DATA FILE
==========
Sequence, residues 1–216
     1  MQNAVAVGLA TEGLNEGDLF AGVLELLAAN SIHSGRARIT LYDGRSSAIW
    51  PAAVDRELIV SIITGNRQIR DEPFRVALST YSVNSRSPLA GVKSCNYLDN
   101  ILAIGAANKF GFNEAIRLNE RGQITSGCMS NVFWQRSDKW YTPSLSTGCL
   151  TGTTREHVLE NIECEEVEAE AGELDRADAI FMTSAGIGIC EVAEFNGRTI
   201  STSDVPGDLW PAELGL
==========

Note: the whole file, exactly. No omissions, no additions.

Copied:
Sequence, residues 1–216
     1  MQNAVAVGLA TEGLNEGDLF AGVLELLAAN SIHSGRARIT LYDGRSSAIW
    51  PAAVDRELIV SIITGNRQIR DEPFRVALST YSVNSRSPLA GVKSCNYLDN
   101  ILAIGAANKF GFNEAIRLNE RGQITSGCMS NVFWQRSDKW YTPSLSTGCL
   151  TGTTREHVLE NIECEEVEAE AGELDRADAI FMTSAGIGIC EVAEFNGRTI
   201  STSDVPGDLW PAELGL